The Peninsular and Oriental Company’s screw steamship Tanjore arrived here last night at 7 p.m. from Southampton, with the mails, and resumed her voyage again this morning for Malta.
A French screw corvette arrived in the Bay this morning from Tangiers.
There is a great scarcity of water on the Rock at the present time, all the tanks with one exception being dry. Water is being drawn from the wells on the north front, and at the Ragged Staff landing place in the garrison, but at both places the water is quite brackish. The fall of rain on the Rock since the 11th of August has been only 0·250in. Water is always a luxury at Gibraltar, and in many cases an expensive one, as l am informed that in many instances officers stationed here with families have paid as much as 30l. in one year for this very necessary article procured from the water-carriers, beyond the quantity allowed by the garrison regulations. In about 50 days’ time there will be no water on the Rock available for the garrison or the inhabitants, unless rain should fall in the meantime. There is, however, a reasonable probability of rain before the present limited supply is quite exhausted.
|Sa 18 September 1869|
THE CRUISE OF THE LORDS OF THE ADMIRALTY.
HER MAJESTY'S SHIP AGINCOURT, LISBON, Sept. 13.The combined fleet, led by the Agincourt, Admiralty flagship, arrived here this morning, as you will have learnt by my telegram despatched from here on the fleet anchoring, from Gibraltar after a passage of unusually fine weather, and a busy week of drills, under both sail and steam. On Thursday morning at daylight the fleet will again leave the Tagus, the Mediterranean division returning to its station, and the Channel division proceeding to Queenstown.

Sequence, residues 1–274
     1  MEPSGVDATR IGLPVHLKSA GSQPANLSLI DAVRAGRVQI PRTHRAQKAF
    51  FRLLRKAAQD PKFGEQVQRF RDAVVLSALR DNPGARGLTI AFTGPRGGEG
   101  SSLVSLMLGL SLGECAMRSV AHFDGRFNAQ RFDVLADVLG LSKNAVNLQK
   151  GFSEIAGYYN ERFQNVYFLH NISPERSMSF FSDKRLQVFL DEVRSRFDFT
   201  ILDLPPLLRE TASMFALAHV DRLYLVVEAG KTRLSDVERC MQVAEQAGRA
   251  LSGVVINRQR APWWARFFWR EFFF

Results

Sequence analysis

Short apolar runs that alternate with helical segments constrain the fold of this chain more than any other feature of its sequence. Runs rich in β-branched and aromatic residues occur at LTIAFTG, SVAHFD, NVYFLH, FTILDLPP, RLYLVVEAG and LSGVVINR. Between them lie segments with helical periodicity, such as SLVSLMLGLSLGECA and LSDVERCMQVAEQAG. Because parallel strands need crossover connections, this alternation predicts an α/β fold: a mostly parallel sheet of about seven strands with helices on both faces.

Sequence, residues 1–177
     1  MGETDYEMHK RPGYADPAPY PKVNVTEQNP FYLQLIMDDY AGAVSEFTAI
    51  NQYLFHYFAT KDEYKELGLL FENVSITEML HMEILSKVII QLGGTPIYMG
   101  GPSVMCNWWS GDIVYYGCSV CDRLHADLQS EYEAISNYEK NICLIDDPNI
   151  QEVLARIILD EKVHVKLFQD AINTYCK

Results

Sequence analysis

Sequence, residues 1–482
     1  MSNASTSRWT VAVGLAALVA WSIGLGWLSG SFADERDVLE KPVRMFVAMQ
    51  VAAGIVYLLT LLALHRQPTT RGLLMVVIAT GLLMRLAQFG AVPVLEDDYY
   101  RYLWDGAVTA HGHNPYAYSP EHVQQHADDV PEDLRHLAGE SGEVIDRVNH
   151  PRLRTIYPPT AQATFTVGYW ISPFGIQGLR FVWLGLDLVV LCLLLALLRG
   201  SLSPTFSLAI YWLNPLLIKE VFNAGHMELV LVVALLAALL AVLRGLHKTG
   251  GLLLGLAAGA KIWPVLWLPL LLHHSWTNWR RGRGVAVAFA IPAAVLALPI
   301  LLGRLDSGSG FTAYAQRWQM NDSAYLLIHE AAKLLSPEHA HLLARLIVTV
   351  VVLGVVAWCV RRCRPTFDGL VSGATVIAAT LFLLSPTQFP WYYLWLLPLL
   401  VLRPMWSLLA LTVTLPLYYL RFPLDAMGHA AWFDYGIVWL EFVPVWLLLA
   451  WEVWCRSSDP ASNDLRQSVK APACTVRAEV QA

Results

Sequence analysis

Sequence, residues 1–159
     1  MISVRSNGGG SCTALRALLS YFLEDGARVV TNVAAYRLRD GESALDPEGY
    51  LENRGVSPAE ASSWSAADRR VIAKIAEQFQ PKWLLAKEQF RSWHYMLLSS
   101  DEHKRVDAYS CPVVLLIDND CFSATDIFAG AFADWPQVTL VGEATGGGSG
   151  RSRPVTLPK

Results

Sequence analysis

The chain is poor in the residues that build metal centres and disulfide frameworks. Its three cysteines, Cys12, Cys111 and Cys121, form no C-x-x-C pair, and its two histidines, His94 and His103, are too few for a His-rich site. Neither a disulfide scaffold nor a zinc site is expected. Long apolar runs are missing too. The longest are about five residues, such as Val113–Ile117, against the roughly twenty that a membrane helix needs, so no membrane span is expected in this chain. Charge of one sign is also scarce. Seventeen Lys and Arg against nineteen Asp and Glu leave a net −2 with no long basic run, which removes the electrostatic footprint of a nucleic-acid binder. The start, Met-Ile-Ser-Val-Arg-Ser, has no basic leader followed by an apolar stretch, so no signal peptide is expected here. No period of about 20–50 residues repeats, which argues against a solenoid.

To resume my notes of the cruise. By daybreak on the morning of Friday, the 3d of September, the officers and crews on board the ships of the combined Mediterranean and Channel fleets in Gibraltar Bay were busily engaged in getting steam up in the boilers, unmooring and shortening in cables, and making other necessary preparations for proceeding to sea. At 8 a.m., flag-hoist time, parting salutes were exchanged between the Agincourt and the Gibraltar batteries, and immediately afterwards the ships weighed their anchors, with the exception of the Inconstant and Psyche, and steamed out of the bay in three grand divisions, the Agincourt leading the weather line, the Lord Warden the centre, and the Minotaur the lee line.